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Washington Redskins mailbag: Part 2

7/11/2014

The second round of the mailbag takes a look at Robert Griffin III's knee and how it impacts his passing; Leonard Hankerson; injured players and the physically unable to perform list and DeSean Jackson's numbers in various months. Enjoy.



John Keim: Don't know how he'll do it, but most coaches do it about the same. I would not expect him to veer off a whole lot in this area. But I don't know how he'll treat the offense, which is learning a new system (mostly when it comes to passing; numerous coaches have said the run game will be the same) compared to the defense, which is not. So maybe the offense gets an extra series or two in the first couple of games. We'll see.

Keim: His knee was healthy last year. Doesn't mean his game had completely recovered -- it hadn't-- but his knee was sound. There's a difference. It's not that his knee will be a lot healthier this year and therefore he's better, it's that he could spend the offseason strengthening it instead of rehabbing and he could work on his game. Those are huge factors. He fell into some bad habits last season that a good offseason might have prevented. He focused hard on his footwork in the pocket, for example. Griffin also did a poor job of transferring his weight, which led to some throws not having the same zip. That, too, should be better -- and it was a point of emphasis when he worked with quarterbacks guru Terry Shea. Also, the mind has to trust the body and at times last season Griffin perhaps was not at this point. But let's say he went from a 4.3 guy in the 40 to a 4.5 last year because of the knee. The latter time would still put him in the top third of quarterbacks.

Keim: Well, need to see if he's healthy first. My guess is he'll open training camp on the physically unable to perform list and then we just have to wait and see when he's healthy. As of last month the Redskins really had no idea when that might be the case. If he's healthy then I see no reason why they'd cut him. They don't have that sort of depth at this position and he's one of the few targets with any size.

Keim: At this point less than eight. There are things I liked coming out of the spring, but it still takes a leap of faith to think that they'll go from three wins to more than eight in the first season with a new coach, a defense that still needs work and a quarterback who still needs to prove himself as a pocket passer. I think Robert Griffin III will improve, but I have no idea what to expect from coach Jay Gruden or the defense. Not everyone was sold on Gruden or his work in Cincinnati, but I've seen first-year coaches who were more widely praised and yet fail terribly (Steve Spagnuolo). The pass rush will be better, but will the defense improve considerably? Lots of question marks in the back. They have not fixed the defense. Anything can happen and many things can break right, but entering camp I'm going with the under. Then it's time for a new evaluation.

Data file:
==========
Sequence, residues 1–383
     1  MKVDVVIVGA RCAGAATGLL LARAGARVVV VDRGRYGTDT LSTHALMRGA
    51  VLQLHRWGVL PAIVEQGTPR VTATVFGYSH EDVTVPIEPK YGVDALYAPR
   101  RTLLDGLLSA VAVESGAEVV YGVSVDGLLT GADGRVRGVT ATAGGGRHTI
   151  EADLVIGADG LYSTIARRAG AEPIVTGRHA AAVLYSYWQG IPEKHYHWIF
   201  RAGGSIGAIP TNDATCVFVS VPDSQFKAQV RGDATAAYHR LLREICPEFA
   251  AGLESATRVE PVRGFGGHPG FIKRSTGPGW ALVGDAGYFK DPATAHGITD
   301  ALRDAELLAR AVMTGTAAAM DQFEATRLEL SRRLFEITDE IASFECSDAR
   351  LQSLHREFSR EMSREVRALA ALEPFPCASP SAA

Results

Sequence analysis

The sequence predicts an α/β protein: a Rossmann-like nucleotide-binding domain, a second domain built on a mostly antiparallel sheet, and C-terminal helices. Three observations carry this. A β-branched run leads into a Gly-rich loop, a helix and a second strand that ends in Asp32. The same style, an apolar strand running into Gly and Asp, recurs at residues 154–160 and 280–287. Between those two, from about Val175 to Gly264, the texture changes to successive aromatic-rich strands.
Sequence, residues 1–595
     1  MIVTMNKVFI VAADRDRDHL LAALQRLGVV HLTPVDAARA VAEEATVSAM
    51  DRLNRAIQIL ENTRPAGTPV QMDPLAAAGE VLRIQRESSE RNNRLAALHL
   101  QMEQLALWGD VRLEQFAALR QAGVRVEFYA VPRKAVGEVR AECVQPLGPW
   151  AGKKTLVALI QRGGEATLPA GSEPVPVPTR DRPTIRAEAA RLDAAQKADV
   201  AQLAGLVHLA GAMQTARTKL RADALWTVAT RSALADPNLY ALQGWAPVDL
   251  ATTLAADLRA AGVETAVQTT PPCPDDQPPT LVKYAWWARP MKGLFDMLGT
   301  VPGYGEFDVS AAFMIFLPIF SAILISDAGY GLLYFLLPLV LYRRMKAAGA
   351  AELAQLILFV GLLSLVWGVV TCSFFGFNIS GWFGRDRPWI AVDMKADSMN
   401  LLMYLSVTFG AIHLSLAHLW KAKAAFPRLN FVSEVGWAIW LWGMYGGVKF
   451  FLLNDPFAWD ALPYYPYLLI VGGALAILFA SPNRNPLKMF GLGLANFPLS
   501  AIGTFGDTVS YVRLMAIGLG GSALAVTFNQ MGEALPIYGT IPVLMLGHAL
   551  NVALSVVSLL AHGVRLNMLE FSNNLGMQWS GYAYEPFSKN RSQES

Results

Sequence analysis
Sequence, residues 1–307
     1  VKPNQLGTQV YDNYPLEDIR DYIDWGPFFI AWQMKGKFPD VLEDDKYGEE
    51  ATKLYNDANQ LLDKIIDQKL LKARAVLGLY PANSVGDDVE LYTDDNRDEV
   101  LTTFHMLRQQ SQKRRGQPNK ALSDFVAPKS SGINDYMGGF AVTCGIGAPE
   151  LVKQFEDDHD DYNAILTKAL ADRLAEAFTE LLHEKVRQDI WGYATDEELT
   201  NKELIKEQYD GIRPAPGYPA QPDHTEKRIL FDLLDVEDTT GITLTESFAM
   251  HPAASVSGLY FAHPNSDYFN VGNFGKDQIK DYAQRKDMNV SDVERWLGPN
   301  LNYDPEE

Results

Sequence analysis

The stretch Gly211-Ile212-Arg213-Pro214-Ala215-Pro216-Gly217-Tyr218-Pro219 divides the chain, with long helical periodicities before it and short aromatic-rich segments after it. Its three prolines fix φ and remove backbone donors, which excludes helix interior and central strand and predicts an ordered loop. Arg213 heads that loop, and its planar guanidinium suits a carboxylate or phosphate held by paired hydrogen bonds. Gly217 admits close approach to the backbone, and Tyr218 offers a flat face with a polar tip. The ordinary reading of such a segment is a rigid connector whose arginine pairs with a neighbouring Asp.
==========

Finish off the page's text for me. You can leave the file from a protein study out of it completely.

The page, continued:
Keim: There is no limit, but you can't go onto the PUP list going into the season unless you're on it entering training camp. So it's not like you can place someone on the PUP list instead of injured reserve if they get hurt during training camp. I would assume Leonard Hankerson opens camp on the PUP list. I wouldn't be surprised if Stephen Bowen does as well and, perhaps, Jason Hatcher. Richard Crawford is a possibility. Hankerson is the one I most wonder about opening the season on the PUP list. I really don't know about Bowen, who said this spring he would be ready for camp.

Keim: There was an article on CSNPhilly.com that sort of addressed this topic, pointing to five stats that could explain why Jackson was cut. There is a drop-off in his yards per game after September (of his 20 career games of at least 100 yards, 10 have come in September). But I don't know that it's a cold weather issue as much, perhaps, as a small receiver getting worn down. (The Redskins always had this concern with Santana Moss.) Here's his production breakdown by month: September (98 catches, 1,783 yards, nine touchdowns); October (80 catches, 1,224 yards, six touchdowns); November (96 catches, 1564 yards, nine touchdowns); December (76 catches, 1,424 yards, seven touchdowns). The article pointed out that in the postseason "he's averaged 3.2 catches and 54 yards. In his last three playoff games, Jackson has eight catches, 114 yards and one TD." Now, in the Saints game last season, he also drew a big-time pass interference penalty that helped. Also, is this a matter of Jackson not helping or defenses focusing on taking away a primary weapon? Then again, that's something every great receiver must overcome. It's why they're considered great. And the bottom line is, in six postseason games he's surpassed 53 yards only twice -- and has yet to post more than 92.